Boise Police Department
News Release

William L. Bones
Chief of Police

Contact: BPD Media Relations Office


Wednesday, September 18, 2013

Prosecutors Clear Officer, Deputies Involved in March Shooting

Boise Police Deputy Chief William Bones response:

 “This situation was dangerous for all involved, officers, the suspect, his family and the public. Officers from different agencies, working together, were able to stop the suspect before he could make good on his threat to hurt others.

We appreciate the work of all involved, from the officers and deputies on scene that night, to the CITF investigators who methodically pieced together what happened, to the Twin Falls Prosecutor for the careful review of officer’s actions.

Assuring citizens that our officers act within the law while protecting themselves and others is crucial to not only an effective police department but to maintaining the safety of our community.”

See, who sustained eight gunshot wounds, has been receiving inpatient medical and mental health care at facilities in Idaho and Utah since the March 9 incident. 

See has not been arrested but does have a pending charge of felony aggravated assault filed in connection with the case.


Prosecutor Clears officers in March 9, 2013, Ada County Shooting

 September 18, 2013

             Twin Falls County Prosecuting Attorney Grant Loebs announced today that he will not file criminal charges in the March 9, 2013, incident near Swan Falls Dam in which Peter C. See was shot by Ada County Sheriff’s Deputies and a Boise Police Officer.  Loebs investigated the matter in conjunction with the Ada County Critical Incident Task Force and its lead agency, the Meridian Police Department.  The Twin Falls County Prosecuting Attorney became involved through an agreement between the Twin Falls and Ada County Prosecuting Attorney’s Offices.

         “I have carefully analyzed the report prepared by the Critical Incident Task Force and have concluded that criminal charges are not appropriate in this case,” Loebs said.

         In a press release, Loebs recounted a summary of the incident:

“In the early morning hours of March 9, 2013, Ada County Sheriff’s Deputies and Boise Police Officers responded to call from a friend of Mr. See in which she said See intended to commit suicide.  Law enforcement learned that See had obtained a handgun, was threatening members of his family and the public and was intent on killing himself.  The situation escalated as See threatened that officers who approached him were in for a ‘blood bath.’ At 2:58 a.m., See confronted officers on S. Cloverdale Road with a .44 Magnum handgun.  As officers attempted to negotiate with Mr. See, he fled in his pick-up.  After a high speed chase, See’s vehicle was disabled, whereupon Mr. See emerged from his truck, still armed with the .44 caliber pistol.  When he pointed the gun at officers, several law enforcement officers opened fire hitting Mr. See several times.”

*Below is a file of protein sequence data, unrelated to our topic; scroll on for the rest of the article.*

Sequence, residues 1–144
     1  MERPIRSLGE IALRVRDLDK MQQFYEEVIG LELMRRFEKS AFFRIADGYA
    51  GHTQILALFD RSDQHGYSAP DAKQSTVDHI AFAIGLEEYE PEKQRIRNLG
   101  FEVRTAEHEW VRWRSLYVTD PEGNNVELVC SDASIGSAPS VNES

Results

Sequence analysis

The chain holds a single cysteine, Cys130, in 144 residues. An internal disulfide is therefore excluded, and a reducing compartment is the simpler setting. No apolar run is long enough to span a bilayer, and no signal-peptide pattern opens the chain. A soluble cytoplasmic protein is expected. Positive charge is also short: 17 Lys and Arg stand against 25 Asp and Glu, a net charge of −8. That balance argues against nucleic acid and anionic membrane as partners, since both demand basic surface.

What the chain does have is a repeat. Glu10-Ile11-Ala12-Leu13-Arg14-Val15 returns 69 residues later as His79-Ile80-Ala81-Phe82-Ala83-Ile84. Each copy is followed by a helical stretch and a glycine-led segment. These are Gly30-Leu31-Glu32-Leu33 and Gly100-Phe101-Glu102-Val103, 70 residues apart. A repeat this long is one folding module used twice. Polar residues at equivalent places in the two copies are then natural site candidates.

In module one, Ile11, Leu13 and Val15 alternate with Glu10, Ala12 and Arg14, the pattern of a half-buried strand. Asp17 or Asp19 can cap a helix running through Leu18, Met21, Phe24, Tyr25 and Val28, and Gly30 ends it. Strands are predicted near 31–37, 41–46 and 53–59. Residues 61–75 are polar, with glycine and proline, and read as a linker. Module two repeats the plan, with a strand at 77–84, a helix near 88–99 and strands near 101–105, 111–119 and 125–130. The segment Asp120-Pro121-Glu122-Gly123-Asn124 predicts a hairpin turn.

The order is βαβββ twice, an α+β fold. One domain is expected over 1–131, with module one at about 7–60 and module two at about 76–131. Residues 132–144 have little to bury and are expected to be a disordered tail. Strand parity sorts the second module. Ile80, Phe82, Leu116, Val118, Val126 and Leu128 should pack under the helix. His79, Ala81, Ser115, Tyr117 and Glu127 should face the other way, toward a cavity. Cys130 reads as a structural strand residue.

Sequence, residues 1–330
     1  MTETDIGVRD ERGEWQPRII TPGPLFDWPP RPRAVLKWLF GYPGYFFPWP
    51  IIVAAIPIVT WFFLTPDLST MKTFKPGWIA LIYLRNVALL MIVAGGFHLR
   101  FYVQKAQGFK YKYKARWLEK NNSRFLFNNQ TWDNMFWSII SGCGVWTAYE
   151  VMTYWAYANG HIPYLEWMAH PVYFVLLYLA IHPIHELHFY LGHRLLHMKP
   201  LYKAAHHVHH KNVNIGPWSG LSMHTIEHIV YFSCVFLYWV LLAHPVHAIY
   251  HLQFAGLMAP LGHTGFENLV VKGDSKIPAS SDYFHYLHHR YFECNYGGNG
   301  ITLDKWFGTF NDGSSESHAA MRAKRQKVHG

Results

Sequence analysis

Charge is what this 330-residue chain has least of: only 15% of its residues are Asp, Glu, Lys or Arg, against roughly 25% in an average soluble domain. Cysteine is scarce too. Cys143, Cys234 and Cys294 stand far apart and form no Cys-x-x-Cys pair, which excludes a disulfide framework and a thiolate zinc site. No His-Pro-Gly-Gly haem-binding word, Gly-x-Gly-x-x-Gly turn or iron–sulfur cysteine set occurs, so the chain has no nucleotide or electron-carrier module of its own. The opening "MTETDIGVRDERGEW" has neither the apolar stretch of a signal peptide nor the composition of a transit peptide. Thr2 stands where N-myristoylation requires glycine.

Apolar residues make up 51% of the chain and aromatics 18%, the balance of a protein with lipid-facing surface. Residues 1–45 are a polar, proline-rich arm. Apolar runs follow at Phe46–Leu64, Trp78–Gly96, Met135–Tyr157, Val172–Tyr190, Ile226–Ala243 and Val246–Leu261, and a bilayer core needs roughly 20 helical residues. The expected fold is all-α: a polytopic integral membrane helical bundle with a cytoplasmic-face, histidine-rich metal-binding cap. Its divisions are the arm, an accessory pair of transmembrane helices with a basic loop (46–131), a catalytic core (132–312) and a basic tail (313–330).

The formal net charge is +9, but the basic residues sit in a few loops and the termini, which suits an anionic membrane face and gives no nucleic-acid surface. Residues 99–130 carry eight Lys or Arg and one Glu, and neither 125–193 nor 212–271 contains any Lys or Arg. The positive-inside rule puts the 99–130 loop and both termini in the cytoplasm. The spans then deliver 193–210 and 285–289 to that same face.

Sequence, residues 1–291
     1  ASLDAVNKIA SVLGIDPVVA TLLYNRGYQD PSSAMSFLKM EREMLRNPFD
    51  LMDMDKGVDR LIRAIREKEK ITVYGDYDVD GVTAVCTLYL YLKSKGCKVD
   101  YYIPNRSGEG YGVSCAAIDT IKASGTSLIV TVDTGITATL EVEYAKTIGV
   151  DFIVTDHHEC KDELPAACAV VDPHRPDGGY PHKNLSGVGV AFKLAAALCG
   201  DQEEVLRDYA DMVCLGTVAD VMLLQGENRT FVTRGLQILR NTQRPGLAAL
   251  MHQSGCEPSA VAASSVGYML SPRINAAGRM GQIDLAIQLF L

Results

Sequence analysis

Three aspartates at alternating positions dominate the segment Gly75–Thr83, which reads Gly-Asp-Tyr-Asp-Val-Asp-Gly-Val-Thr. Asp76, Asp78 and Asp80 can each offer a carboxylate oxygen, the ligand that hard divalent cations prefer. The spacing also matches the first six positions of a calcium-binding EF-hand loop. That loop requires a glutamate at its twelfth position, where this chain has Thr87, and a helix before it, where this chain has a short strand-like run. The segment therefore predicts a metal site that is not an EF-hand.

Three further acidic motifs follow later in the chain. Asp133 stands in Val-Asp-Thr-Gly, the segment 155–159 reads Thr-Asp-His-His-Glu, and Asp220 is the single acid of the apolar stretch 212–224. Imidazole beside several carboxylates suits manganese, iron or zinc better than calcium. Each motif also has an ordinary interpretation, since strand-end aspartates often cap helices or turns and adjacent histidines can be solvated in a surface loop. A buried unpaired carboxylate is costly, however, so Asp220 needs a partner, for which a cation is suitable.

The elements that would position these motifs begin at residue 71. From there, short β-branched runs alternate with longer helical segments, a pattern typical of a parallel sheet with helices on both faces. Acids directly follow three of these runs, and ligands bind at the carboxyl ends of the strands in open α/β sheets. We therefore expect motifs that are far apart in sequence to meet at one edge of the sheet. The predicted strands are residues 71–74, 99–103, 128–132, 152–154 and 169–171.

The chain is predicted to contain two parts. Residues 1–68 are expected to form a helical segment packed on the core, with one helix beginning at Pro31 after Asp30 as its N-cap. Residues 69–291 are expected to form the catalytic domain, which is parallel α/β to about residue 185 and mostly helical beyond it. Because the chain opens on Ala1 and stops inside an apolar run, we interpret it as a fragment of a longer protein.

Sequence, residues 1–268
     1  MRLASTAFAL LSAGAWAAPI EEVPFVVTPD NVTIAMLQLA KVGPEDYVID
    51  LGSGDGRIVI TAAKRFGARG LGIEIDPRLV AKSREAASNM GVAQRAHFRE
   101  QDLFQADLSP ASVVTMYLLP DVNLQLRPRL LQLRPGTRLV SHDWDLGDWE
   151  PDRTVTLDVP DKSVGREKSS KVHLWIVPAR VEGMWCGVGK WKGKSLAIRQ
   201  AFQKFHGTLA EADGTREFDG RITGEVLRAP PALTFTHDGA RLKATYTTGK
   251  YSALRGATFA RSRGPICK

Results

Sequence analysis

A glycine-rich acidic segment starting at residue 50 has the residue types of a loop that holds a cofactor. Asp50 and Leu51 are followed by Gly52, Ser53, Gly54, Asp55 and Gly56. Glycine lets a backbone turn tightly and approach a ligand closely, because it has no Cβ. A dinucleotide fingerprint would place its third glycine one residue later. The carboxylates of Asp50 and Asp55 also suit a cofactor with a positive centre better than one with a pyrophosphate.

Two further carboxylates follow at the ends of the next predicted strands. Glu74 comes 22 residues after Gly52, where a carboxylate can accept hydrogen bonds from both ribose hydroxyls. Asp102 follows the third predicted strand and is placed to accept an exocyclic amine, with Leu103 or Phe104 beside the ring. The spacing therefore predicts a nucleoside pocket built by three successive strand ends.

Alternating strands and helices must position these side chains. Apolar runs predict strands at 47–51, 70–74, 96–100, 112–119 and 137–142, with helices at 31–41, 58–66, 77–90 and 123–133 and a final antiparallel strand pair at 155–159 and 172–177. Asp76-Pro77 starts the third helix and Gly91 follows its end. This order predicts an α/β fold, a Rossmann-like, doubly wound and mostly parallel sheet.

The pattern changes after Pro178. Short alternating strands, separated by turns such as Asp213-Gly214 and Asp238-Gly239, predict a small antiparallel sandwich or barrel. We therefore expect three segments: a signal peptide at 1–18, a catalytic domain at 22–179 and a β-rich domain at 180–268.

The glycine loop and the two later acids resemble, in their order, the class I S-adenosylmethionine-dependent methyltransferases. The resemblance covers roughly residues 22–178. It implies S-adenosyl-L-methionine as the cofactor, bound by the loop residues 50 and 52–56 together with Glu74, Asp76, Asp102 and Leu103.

“Mr. See was shot and wounded after threatening civilians and officers with a handgun, leading police in a high-speed chase, and, ultimately, drawing his gun on numerous law enforcement officers,” Loebs said. “The officers acted within the bounds of the law and in self-defense and in defense of the community.”

         Loebs issued the following findings in support of his decision to decline prosecution of any of the law enforcement officers involved:

–Ada County Sheriff’s Deputies and Boise Police Officers responded to a

report of a possible suicide;

         –Mr. See assaulted a family member and procured a .44 magnum pistol;

         –Mr. See threatened a “blood bath” if officers approached him;

         –Officers observed Mr. See with a .44 caliber handgun;

         –Officers attempted to negotiate Mr. See’s peaceful surrender;

         –Mr. See led law enforcement on a high-speed chase;

         –After his vehicle was disabled, Mr. See brandished his weapon, aiming it at

surrounding law enforcement officers;

         –Law enforcement officers responded by firing upon Mr. See;

         –Mr. See was struck multiple times and incapacitated;

         –Mr. See was flown to the University of Utah Hospital where he was treated

for his injuries;

         –After he was taken into custody, officers recovered Mr. See’s

weapon and found it to be a fully loaded .44 magnum revolver with the hammer cocked and ready to fire.

          “Based on these findings,” Loebs said, “I conclude that Ada County Sheriff’s Deputies and Boise Police officers acted justifiably in self-defense and in defense of others when they shot Mr. See.” 

         “I want to thank the Critical Incident Task Force for preparing a thorough and detailed report,” Loebs said.  “It is essential to the public’s confidence in law enforcement that these matters are handled in a comprehensive and unbiased manner.  I believe that was done in this case.”